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Species: Bald Eagle
Sex: Southern Female
Stage of Life: Adult
Date Arrived: June 1, 2012
Injury: Fall from nest, wing fracture, tissue damage

Wadasé Zhabwé (Brave Breakthrough)


Meet Wadasé Zhabwé, a juvenile Bald Eagle whose new name means Brave Breakthrough. That name was given to her prior to her release on April 16, 2013, when she helped the CPN achieve a world’s first. She was originally transferred as a non-releasable eagle in June of 2012, who had injured her wing earlier that year when she fell out of her nest in Florida. She began to fly shortly after her arrival at the CPN and it became clear she could be released. With special permission from USFWS, the CPN Aviary became the first Native American Eagle Aviary to release an eagle that was banded and fitted with a GPS telemetry backpack harness. With this data, we are able to observe her progress as she learns to hunt and fish and know that she is thriving in the wild. She continues to visit the aviary, although, not as much as she did when she was released. W typically see her the beginning of fall for a few days. Her telemetry stopped transmitting on November 9th, 2019. After searching the area with no luck, we assumed the backpack must have fallen into the river nearby. However, during her last visit, we were shocked to see the backpack still on her, but the antennae was missing. It is a blessing to have her visit and we hope to see her for many years to come.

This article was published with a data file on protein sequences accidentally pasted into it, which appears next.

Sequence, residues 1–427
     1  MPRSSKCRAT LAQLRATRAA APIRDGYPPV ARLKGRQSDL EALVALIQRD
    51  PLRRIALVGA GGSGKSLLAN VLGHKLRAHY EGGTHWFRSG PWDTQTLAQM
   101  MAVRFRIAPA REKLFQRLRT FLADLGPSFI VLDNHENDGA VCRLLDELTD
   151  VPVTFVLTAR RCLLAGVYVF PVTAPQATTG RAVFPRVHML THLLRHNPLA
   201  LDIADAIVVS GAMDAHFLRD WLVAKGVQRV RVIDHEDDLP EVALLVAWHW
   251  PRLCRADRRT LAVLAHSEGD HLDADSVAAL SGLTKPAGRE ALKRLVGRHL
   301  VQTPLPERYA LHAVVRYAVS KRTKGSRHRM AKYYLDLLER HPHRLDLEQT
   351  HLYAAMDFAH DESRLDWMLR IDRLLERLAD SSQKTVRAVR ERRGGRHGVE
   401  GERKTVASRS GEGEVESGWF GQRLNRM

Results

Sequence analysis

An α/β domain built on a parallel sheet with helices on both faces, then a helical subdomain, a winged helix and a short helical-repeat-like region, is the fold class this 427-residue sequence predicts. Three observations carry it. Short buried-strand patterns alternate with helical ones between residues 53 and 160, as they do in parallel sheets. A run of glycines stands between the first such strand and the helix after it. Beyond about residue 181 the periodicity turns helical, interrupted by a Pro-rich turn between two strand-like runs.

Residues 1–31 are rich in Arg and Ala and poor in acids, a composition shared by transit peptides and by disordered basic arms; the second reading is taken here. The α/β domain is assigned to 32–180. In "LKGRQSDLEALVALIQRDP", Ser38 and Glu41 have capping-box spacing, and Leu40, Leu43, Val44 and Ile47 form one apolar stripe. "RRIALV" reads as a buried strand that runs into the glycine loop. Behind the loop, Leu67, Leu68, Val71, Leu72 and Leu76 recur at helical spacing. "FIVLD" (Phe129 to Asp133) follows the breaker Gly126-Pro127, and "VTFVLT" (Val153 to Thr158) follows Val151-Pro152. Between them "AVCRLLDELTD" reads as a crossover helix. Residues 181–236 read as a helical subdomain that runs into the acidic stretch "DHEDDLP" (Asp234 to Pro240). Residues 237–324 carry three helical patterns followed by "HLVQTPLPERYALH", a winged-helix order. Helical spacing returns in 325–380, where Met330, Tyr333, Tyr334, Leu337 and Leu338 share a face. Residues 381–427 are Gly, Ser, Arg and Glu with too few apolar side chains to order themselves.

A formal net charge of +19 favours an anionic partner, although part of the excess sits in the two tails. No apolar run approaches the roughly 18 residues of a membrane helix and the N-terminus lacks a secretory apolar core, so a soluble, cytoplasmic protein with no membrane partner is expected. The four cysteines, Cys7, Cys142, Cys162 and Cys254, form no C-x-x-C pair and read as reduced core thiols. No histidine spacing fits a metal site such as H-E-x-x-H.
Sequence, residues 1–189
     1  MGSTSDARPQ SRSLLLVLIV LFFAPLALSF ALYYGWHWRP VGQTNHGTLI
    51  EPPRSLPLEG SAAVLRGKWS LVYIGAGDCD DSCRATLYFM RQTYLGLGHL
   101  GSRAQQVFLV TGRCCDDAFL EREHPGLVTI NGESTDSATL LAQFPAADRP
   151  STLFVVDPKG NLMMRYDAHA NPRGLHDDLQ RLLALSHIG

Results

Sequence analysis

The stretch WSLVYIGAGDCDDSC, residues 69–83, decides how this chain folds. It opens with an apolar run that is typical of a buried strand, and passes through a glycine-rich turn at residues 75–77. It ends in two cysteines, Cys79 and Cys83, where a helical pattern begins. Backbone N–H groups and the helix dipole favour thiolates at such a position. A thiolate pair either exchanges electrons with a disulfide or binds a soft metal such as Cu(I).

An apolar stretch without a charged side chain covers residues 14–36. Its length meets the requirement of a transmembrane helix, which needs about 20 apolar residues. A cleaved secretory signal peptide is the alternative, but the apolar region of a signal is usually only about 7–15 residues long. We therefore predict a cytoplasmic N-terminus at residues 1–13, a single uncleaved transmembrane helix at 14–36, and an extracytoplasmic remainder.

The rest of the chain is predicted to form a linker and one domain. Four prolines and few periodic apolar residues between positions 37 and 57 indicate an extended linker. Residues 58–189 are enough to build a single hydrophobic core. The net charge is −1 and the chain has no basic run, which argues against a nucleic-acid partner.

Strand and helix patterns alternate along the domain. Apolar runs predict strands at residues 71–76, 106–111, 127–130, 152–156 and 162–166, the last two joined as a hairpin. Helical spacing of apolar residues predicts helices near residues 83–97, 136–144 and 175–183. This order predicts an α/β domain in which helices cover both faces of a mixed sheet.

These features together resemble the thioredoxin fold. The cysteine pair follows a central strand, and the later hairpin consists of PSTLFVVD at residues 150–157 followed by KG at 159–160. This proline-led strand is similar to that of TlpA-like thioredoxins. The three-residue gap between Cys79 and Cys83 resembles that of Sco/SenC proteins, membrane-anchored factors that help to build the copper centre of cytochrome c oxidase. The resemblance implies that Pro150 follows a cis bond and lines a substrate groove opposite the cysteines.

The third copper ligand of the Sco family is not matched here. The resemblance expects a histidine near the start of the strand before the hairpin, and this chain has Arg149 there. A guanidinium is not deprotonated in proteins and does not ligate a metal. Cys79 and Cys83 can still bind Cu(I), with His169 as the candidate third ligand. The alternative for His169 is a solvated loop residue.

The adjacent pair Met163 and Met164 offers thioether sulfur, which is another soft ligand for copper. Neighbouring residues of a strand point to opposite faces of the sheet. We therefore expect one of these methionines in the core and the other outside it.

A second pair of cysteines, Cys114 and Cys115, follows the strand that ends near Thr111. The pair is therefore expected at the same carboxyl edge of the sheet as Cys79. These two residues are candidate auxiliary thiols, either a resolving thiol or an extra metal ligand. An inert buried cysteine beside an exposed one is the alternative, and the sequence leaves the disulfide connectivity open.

Release of Eagle from Citizen Potawatomi Nation Eagle Aviary

Wadasé Zhabwé four years in the wild

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